Federal authorities are rapidly expanding the use of a little-known smartphone technology to monitor hundreds of thousands of individuals facing deportation across the country. More than 5,000 people in San Diego and Imperial counties are now monitored through the program – up from about two dozen less than three years ago. 

Immigration authorities’ use of SmartLINK, which began in 2018, has exploded in the past year alongside concerns that the program could be surreptitiously collecting, sharing and monetizing data about its users. 

SmartLINK – one of three alternative programs that the Biden administration has leaned into as it promises to reduce populations in detention centers – uses biometric information such as facial comparison and GPS to track individuals under watch of U.S. Immigration and Custom Enforcement, or ICE.

Why this matters

More than 13,000 immigration cases are pending in San Diego and Imperial counties. More than a third of them are being monitored by immigration authorities with a little-known smartphone program that some say raises legal and ethical questions about surveillance.

Federal officials have billed SmartLINK as a more humane and cost efficient alternative to traditional detention, allowing individuals to await their court proceedings at home rather than in one of ICE’s detention centers. 

The benefits of SmartLINK include increased court appearance rates and compliance with release conditions by providing reminders for court dates, resources for immigrants and direct messaging between immigrants, officers and case specialists, according to an ICE spokesperson.

But critics say SmartLINK and other programs have had the effect of expanding ICE’s reach in the lives of immigrants, including those who would typically be released into the community without supervision to await their immigration hearings.

“What is clear in our communities and over the past couple of years is that these are not alternatives to detention,” said Cinthya Rodriguez, a organizer with Mijente, which advocates for “Latinx rights, justice, and radical change.” Latinx is a gender neutral term describing people of Latin American heritage.  

“They’re an extension of the violent and massive detention system,” Rodriguez said. 

Immigration advocates are sounding the alarm on what they say is a rapidly expanding “e-carceration” system – fueled by surveillance technology used in alternative detention programs – that could be quietly collecting sensitive information on more than 200,000 individuals and their personal networks across the country, including U.S. citizens and legal residents. 

Mijente, along with two additional immigration and incarceration reform advocacy groups, filed a lawsuit against ICE in April demanding that the agency reveal what data SmartLINK collects from the user, who the data could be shared with and the extent of the monitoring conducted through the app. 

Congressional Democrats have pushed back against the program, calling for a reduction in its use and diverting funds toward community based supervision programs, where nonprofits step in to provide social services and legal orientation.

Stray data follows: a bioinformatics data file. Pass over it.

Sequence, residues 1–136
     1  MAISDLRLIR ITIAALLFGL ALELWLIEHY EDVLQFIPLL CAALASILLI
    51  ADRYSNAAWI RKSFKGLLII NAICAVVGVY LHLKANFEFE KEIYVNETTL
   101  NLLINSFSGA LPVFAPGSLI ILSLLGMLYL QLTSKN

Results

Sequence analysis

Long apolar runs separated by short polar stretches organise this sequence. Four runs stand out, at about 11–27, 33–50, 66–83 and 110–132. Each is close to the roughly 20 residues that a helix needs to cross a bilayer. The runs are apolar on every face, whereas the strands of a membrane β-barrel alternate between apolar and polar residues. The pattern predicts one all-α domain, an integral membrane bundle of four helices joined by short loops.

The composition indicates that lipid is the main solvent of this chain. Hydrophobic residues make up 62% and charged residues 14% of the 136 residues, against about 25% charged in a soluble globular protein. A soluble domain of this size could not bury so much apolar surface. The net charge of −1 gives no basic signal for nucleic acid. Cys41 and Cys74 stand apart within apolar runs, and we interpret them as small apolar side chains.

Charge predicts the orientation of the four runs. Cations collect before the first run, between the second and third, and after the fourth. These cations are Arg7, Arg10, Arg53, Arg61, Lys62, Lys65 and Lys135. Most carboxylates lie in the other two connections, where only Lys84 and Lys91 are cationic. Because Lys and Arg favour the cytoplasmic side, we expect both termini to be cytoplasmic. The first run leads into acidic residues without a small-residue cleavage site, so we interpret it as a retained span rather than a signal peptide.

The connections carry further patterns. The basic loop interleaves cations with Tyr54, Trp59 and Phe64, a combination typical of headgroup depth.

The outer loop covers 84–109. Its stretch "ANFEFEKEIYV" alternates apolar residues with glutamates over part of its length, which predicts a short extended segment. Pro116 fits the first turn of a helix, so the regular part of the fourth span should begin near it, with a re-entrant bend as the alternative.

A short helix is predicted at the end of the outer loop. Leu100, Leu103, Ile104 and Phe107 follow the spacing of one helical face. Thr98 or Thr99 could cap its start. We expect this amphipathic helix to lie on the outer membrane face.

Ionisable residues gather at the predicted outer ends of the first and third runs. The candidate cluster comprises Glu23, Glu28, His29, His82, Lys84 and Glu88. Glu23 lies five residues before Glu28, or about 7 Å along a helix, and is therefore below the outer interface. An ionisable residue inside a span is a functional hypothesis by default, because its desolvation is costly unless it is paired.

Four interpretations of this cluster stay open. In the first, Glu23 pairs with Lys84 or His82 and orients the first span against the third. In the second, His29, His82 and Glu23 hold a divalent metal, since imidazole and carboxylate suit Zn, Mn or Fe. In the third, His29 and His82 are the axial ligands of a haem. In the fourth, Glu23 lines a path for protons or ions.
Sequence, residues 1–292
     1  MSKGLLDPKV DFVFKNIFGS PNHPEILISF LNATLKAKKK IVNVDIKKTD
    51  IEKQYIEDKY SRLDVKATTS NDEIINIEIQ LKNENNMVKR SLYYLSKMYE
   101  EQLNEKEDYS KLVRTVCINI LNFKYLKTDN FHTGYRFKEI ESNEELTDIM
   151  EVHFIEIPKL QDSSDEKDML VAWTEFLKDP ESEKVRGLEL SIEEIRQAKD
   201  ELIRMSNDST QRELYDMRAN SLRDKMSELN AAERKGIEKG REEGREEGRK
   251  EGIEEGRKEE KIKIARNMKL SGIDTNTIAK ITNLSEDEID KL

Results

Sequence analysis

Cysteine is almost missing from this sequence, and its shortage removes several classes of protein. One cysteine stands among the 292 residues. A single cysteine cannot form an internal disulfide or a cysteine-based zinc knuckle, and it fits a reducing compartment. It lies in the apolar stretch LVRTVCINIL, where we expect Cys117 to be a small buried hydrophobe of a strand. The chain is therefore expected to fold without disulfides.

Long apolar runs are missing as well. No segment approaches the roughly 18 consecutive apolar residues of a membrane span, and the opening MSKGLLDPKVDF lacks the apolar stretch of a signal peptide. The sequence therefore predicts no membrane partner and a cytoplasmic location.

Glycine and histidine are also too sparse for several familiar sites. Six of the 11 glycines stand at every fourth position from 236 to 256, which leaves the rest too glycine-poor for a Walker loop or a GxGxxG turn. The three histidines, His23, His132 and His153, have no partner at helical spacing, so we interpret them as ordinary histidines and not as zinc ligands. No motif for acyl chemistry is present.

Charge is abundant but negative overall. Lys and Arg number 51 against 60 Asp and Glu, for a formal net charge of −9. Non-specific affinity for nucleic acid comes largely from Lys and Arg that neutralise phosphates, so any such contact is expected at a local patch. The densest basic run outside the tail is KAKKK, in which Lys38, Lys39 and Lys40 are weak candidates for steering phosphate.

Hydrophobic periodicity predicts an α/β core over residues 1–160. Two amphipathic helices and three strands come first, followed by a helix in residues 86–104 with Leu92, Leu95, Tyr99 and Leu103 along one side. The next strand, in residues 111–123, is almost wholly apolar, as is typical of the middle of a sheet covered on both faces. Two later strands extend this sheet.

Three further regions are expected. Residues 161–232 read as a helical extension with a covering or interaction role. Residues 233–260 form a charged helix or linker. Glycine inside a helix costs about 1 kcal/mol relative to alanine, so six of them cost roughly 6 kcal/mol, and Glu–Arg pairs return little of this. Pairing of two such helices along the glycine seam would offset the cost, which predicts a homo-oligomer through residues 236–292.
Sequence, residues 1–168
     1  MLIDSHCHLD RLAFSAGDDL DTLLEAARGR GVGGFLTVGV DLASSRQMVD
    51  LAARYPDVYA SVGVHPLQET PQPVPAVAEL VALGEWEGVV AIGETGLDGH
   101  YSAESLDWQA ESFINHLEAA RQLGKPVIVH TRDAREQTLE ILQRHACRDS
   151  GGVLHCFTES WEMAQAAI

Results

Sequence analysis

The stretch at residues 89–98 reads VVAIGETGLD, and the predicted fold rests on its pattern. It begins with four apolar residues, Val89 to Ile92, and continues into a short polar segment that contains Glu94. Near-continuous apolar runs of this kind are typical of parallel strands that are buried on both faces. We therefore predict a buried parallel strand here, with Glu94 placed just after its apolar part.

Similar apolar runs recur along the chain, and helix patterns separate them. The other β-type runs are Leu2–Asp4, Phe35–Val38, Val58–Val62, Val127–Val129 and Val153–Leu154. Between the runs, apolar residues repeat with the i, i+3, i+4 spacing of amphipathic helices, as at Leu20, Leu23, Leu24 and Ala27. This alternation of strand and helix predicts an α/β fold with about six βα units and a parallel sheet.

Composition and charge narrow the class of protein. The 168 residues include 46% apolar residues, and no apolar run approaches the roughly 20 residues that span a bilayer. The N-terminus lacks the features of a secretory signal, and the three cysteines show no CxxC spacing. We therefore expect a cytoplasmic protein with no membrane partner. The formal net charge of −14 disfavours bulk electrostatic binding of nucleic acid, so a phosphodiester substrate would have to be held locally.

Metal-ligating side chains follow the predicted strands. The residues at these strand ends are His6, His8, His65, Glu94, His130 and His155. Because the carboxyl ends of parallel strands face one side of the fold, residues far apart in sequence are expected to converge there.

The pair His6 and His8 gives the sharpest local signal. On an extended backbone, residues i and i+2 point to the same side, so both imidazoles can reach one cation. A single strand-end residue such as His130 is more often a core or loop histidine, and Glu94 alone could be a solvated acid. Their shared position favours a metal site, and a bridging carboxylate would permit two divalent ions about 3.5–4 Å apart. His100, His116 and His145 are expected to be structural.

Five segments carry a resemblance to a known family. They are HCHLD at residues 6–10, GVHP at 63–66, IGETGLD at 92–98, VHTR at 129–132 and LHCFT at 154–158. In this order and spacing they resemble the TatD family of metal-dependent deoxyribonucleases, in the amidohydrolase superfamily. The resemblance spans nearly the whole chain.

Privacy experts say most concerning is what the company and ICE have yet to reveal about what they’re collecting and sharing.

“There’s so much that we don’t know, and three years into this program, the fact that we don’t know this information is quite frankly staggering,” said Saira Hussain, staff attorney with the Electronic Frontier Foundation, a digital civil liberties nonprofit. 

“We understand what those traditional forms of incarceration and e-carceration entail, but this is sort of a new horizon. It’s a new frontier,” Hussain said.

Explosive growth in SmartLINK surveillance

Immigrants enrolled in SmartLINK log into the app from their own smartphone or a locked cellphone, called BI Mobile, provided by ICE that has no other capabilities. 

BI Incorporated, the company that created SmartLINK, contracts its employees with ICE to run the program as case specialists. Those tracked under SmartLINK can message and video call their case specialist, upload documents, look up community resources and see upcoming court dates, according to BI Incorporated’s website.  

The app uses “facial comparison technology” and “enables officers to confirm location, curfew and travel restriction compliance,” according to BI Incorporated. The level of supervision assigned to users is decided by ICE agents based on an individual’s immigration status, criminal history, compliance history and other personal factors.

One SmartLINK user who spoke to inewsource said he has regular check-ins once a week where sends a photo of himself through the app. He’s also required to check in at unscheduled times whenever the device alerts him, he said. 

A man who faces deportation prepares to send a photo through the SmartLINK mobile app at his home in San Diego on May 19, 2022. (Kristian Carreon/inewsource)

He requested anonymity because his case is ongoing and he fears federal agents may retaliate against him or his family for talking to the media.

He said he is required to stay within a 77-mile radius as part of his SmartLINK program. As a result, he’s had to turn down construction jobs that happen outside of the zone, making it more difficult to pay for legal services he had to seek for his defense. 

When ICE enrolled him in SmartLINK, they told him they could see everywhere he went, he said. 

“It just puts a sense of fear in me that at any given moment I can be taken into custody again,” he said.